Rich spices, tobacco, coffee, dark amber, smoke, dark musks, and soft animalics dress up a spicy Borneo oud in Oud Picante, the third new release from Areej Le Doré. It’s sure to be a crowd-pleaser for men who love both ouds and spicy orientals, and it was the fragrance that I enjoyed the most out of the new quartet.
Oud Picante is an extrait de parfum. According to its description on Areej Le Doré’s website, its two central characteristics are “the spice of life” and wild Borneo oud, which Russian Adam custom-distilled to bring out its spicy, resinous traits. The fragrance note list is:
Top notes: cumin, cardamom, cinnamon, clove and nutmeg
Heart notes: wild Borneo oud oil distilled by Russian Adam, carrot seed, spikenard, tobacco and coffee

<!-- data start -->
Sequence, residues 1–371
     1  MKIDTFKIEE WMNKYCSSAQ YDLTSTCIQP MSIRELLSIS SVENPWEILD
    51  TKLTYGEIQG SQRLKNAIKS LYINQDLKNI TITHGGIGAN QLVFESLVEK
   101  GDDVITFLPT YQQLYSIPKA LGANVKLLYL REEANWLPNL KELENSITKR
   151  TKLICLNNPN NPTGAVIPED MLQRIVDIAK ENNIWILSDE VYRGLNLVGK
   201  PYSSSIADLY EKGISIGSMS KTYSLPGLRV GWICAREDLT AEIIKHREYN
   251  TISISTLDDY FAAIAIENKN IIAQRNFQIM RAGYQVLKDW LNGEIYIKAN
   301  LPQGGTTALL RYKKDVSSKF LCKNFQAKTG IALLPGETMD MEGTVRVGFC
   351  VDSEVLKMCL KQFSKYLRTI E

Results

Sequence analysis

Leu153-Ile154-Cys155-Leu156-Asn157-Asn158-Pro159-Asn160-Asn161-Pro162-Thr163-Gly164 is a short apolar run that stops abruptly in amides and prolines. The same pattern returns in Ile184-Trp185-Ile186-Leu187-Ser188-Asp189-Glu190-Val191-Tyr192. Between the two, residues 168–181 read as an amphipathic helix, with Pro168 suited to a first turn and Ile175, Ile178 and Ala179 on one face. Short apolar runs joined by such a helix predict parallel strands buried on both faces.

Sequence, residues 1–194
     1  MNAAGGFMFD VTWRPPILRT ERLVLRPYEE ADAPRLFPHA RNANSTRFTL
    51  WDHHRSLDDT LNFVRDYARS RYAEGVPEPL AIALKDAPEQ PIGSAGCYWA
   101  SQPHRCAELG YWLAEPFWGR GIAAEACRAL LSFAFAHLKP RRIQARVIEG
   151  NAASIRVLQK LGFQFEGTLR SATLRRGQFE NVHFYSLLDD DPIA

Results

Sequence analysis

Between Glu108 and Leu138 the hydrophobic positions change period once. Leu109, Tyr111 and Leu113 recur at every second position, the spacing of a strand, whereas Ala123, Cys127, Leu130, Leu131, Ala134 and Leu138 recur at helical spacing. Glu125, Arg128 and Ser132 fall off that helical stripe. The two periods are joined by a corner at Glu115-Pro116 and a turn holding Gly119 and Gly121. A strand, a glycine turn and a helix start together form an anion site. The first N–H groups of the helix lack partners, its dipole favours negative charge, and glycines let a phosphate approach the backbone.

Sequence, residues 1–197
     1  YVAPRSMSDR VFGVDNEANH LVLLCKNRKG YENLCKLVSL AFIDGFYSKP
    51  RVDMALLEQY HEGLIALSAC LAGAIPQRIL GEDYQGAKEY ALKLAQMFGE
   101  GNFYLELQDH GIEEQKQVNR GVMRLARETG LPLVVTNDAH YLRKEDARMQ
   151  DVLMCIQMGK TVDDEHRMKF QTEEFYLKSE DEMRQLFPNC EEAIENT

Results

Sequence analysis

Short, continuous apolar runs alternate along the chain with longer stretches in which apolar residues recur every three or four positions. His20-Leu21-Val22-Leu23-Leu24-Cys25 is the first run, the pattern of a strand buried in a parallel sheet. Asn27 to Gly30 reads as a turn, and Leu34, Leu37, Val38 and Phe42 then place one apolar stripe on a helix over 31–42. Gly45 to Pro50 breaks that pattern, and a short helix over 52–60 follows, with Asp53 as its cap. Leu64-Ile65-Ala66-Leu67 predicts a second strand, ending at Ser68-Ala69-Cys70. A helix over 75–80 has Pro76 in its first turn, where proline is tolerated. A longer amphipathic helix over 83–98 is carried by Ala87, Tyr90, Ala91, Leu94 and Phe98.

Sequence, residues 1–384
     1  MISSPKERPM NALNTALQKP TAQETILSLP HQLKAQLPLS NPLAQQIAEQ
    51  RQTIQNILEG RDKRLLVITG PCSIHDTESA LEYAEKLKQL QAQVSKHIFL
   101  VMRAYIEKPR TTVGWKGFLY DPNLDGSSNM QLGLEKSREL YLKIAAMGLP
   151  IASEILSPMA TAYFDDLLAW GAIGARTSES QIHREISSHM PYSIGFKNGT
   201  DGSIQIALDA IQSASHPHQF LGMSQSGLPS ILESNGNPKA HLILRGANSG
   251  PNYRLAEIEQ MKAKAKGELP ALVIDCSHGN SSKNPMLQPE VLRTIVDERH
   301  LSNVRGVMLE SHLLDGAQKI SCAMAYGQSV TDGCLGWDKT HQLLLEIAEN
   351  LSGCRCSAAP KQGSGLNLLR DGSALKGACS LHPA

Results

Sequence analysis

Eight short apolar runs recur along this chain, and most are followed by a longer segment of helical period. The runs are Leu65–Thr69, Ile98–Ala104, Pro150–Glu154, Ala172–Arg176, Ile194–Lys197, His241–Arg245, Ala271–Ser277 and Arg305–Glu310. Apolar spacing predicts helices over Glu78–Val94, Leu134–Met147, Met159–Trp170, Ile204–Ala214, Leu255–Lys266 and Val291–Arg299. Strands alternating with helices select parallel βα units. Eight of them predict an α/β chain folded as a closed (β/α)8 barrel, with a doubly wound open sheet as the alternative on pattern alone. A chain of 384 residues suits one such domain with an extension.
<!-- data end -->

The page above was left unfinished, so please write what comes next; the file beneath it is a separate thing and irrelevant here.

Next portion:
Base notes: opoponax, Bengal sandalwood, Muhuhu [African sandalwood], costus, fossil amber and labdanum.
Oud Picante was one of those compositions where the amount of fragrance that I applied impacted which notes were highlighted, resulting in significant and noticeable differences during the opening and drydown phases. When I applied several spritzes amounting to 2 sprays from a bottle, the fragrance was more nuanced, complex, and enjoyable in its opening than when I applied a smaller amount, while the drydown was more animalic, centered on a Kouros-style costus musk. In contrast, when I applied the equivalent of one spray, or when I dabbed on a small amount instead of spraying, the opening was rawer, more smoldering, smokier, and more animalic, while the drydown was cozy ambered spiciness. I’ll describe both versions below.